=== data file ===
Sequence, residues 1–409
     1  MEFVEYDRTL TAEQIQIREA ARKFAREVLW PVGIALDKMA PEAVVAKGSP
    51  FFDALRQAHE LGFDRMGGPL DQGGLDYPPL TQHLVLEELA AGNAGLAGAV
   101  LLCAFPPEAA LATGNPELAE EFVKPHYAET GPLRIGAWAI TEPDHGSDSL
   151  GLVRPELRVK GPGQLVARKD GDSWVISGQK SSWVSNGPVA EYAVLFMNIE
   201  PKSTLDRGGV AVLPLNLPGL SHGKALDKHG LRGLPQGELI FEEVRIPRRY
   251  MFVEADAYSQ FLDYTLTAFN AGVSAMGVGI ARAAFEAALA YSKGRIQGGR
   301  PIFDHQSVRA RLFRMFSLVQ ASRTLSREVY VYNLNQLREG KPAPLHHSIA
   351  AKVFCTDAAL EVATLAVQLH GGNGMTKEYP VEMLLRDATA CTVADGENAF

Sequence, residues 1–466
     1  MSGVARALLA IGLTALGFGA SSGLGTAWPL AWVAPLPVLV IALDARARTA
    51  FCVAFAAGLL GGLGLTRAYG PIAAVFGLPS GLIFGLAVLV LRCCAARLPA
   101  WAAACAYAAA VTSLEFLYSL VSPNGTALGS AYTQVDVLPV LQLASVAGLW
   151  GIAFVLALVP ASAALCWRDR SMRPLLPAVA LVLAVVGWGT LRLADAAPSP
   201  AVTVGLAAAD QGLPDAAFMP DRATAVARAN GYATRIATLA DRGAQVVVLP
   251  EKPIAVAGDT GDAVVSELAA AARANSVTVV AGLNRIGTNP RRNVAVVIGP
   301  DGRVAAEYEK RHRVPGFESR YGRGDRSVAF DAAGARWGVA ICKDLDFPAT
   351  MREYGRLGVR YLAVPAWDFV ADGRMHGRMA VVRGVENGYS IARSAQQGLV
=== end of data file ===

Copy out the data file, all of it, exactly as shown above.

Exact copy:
Sequence, residues 1–409
     1  MEFVEYDRTL TAEQIQIREA ARKFAREVLW PVGIALDKMA PEAVVAKGSP
    51  FFDALRQAHE LGFDRMGGPL DQGGLDYPPL TQHLVLEELA AGNAGLAGAV
   101  LLCAFPPEAA LATGNPELAE EFVKPHYAET GPLRIGAWAI TEPDHGSDSL
   151  GLVRPELRVK GPGQLVARKD GDSWVISGQK SSWVSNGPVA EYAVLFMNIE
   201  PKSTLDRGGV AVLPLNLPGL SHGKALDKHG LRGLPQGELI FEEVRIPRRY
   251  MFVEADAYSQ FLDYTLTAFN AGVSAMGVGI ARAAFEAALA YSKGRIQGGR
   301  PIFDHQSVRA RLFRMFSLVQ ASRTLSREVY VYNLNQLREG KPAPLHHSIA
   351  AKVFCTDAAL EVATLAVQLH GGNGMTKEYP VEMLLRDATA CTVADGENAF

Sequence, residues 1–466
     1  MSGVARALLA IGLTALGFGA SSGLGTAWPL AWVAPLPVLV IALDARARTA
    51  FCVAFAAGLL GGLGLTRAYG PIAAVFGLPS GLIFGLAVLV LRCCAARLPA
   101  WAAACAYAAA VTSLEFLYSL VSPNGTALGS AYTQVDVLPV LQLASVAGLW
   151  GIAFVLALVP ASAALCWRDR SMRPLLPAVA LVLAVVGWGT LRLADAAPSP
   201  AVTVGLAAAD QGLPDAAFMP DRATAVARAN GYATRIATLA DRGAQVVVLP
   251  EKPIAVAGDT GDAVVSELAA AARANSVTVV AGLNRIGTNP RRNVAVVIGP
   301  DGRVAAEYEK RHRVPGFESR YGRGDRSVAF DAAGARWGVA ICKDLDFPAT
   351  MREYGRLGVR YLAVPAWDFV ADGRMHGRMA VVRGVENGYS IARSAQQGLV